Search This Blog

Saturday, February 27, 2016

  More than just another day!

Lynnsy Logue, Broker
The Real Estate Lady ®
 After  many days, just looking through the 
 garden, walking on the paths to see who 

    made it through these last months, finally
    bundling the branches and bagging
   the sticks, trimming the ivy and blowing thedriveway clear of smaller debris while 
l  listening to the chimes and going in and out 
   of the   basement, the garden center, I felt
   calmed. My role as a real estate broker
almost always has center stage and as I have set my cap to write for my blog and facebook as routinely as possible, and polish the websites and learn a new interface, a review of the week past comes to mind:1.  Article I posted from The Charlotte Observer regarding trash pick up costs: Charging condos and apartments for trash pickup might be difficult because all condos are not seated in a midrise or high rise. There are many duplexes, and many triplexes, and yes, even  houses that are legally defined as condominiums and most often there might be just a handful on one small section of a street. Thinking about cost when it might be more expensive to collect from just a few or one on a street. Just sayin’. When I created my database twenty years ago, I made data sheets for each one, how I know for sure.2. Condo CanDo’s® Repeats: An article from 2007,South End and The Abbott and hats off to Tony Pressley. Charlotte has had some remarkable folks who put their stamp on a district or section. Paul Broom did that for NoDa and made it a hot spot.3. And then there is Smokey Bissel and Ballantyne, Ervin Construction and Raintree, when the corner of 16 and 51 was really country. ( Did you know there are over twenty condominiums/townhomes in Raintree?) John Crosland and Beverly Woods( to name but one), George Goodyear and Mountainbrook and many others.4. And my current fascination with inspections and windows and the terrain of the inspection process in real estate…nd windows with broken thermal seals.5. And lastly, the CE class Friday afternoon, a required class because our Charlotte MLS is owned by National Association of Realtors, and I am a student at Superior School of Real Estate with Bill Gallagher, the very best and brightest teacher and friend. Our schedule is taking shape. I go forward camera in hand and notebook riding shotgun.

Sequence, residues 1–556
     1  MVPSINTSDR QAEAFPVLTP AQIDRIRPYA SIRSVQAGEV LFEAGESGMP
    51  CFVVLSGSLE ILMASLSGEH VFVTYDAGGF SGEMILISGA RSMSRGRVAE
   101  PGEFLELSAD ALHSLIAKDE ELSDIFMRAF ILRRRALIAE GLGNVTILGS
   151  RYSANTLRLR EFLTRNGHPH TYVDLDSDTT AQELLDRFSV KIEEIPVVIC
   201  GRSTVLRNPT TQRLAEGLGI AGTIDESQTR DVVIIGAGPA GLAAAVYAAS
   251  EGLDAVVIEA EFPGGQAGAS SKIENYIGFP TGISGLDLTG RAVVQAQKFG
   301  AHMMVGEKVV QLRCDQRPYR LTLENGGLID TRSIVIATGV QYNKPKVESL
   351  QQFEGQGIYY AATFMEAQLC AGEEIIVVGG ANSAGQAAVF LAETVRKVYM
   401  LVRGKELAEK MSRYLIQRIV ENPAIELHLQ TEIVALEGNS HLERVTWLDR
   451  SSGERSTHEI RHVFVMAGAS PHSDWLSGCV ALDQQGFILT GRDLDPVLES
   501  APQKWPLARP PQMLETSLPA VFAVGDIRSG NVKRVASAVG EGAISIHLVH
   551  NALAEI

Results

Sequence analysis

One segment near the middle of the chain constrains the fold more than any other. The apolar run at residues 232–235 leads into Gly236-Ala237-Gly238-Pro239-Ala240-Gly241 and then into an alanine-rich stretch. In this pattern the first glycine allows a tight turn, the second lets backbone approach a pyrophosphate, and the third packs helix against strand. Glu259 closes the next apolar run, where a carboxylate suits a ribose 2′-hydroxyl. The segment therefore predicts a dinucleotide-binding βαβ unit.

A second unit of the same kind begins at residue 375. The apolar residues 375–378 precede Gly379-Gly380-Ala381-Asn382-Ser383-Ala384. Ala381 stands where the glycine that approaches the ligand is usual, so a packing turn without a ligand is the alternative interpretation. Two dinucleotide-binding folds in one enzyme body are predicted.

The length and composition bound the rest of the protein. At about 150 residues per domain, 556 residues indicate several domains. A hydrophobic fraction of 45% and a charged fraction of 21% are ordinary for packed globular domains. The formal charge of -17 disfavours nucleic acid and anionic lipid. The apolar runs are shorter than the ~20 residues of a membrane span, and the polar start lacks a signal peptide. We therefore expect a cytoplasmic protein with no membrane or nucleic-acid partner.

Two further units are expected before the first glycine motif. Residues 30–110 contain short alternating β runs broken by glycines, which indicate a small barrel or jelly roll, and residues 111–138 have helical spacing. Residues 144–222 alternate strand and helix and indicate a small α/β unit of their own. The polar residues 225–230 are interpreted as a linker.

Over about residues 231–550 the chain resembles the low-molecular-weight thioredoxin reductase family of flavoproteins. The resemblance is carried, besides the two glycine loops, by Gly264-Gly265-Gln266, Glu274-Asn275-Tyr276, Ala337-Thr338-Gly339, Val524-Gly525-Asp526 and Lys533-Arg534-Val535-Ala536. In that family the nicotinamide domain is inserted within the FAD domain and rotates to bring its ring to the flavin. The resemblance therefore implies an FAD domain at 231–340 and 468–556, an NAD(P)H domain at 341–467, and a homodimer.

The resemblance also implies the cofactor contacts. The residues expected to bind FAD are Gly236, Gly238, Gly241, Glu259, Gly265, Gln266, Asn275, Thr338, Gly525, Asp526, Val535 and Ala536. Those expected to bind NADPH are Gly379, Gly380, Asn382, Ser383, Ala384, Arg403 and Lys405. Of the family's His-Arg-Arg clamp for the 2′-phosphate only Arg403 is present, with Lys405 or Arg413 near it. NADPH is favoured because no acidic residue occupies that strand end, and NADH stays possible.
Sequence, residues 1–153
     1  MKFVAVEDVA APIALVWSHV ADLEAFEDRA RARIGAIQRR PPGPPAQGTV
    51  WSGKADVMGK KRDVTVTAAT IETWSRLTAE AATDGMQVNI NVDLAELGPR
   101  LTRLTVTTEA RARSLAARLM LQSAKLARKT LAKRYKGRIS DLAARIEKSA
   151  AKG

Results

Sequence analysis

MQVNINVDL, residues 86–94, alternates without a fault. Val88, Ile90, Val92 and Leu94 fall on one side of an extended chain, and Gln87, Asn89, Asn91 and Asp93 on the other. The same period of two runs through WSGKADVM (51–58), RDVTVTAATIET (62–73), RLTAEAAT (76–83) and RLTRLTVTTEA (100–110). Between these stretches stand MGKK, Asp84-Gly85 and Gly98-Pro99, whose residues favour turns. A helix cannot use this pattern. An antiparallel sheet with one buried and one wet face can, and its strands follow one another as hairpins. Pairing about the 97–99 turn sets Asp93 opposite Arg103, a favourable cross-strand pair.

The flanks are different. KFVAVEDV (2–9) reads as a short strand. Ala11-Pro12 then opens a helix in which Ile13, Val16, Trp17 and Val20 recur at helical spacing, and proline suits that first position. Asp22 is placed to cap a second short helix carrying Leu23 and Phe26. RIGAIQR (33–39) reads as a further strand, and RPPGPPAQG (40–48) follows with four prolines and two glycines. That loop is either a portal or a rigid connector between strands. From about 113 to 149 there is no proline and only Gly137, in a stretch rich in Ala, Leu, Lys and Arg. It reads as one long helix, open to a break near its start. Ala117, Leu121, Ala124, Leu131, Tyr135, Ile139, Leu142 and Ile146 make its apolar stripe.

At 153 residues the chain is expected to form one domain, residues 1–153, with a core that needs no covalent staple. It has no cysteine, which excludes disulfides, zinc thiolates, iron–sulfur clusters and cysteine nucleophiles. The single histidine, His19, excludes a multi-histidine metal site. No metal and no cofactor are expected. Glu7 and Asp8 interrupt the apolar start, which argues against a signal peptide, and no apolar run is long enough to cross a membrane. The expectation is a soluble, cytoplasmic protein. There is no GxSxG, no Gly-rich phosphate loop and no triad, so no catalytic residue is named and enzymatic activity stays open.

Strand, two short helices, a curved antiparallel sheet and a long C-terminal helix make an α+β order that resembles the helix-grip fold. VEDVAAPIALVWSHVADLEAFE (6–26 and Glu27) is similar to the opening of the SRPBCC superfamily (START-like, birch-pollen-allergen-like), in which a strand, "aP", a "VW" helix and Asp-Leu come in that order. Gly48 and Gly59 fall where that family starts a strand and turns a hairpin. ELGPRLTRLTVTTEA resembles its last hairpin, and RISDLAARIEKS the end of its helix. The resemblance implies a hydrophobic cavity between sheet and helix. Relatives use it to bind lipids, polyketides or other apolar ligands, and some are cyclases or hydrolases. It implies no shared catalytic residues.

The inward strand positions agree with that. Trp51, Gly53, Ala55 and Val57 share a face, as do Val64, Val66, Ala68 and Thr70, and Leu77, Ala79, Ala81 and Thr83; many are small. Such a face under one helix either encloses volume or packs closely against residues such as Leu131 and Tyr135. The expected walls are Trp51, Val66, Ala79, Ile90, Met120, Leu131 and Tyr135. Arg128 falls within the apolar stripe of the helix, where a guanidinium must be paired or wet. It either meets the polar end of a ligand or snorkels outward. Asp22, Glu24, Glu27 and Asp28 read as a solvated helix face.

Spring is in the air!
i On listings: the brokers Exchange, Zillow and  Trulia provide a bulk of listings from the Multiple Listing sources, to find all of Charlotte, NC and surrounding areas including the mountains, for everything.

Friday, February 26, 2016

    Coming attractions:
    Scott and Jeff: The Gladiators
    I am writing the story of my latest encounter with
    and the issue of windows and broken thermal seals in a town home I have under contract-representing seller.
    The Odyssey of The Seal.
    The day was long and I wanted to get the story to you, but seriously, I am falling off my medicine ball.,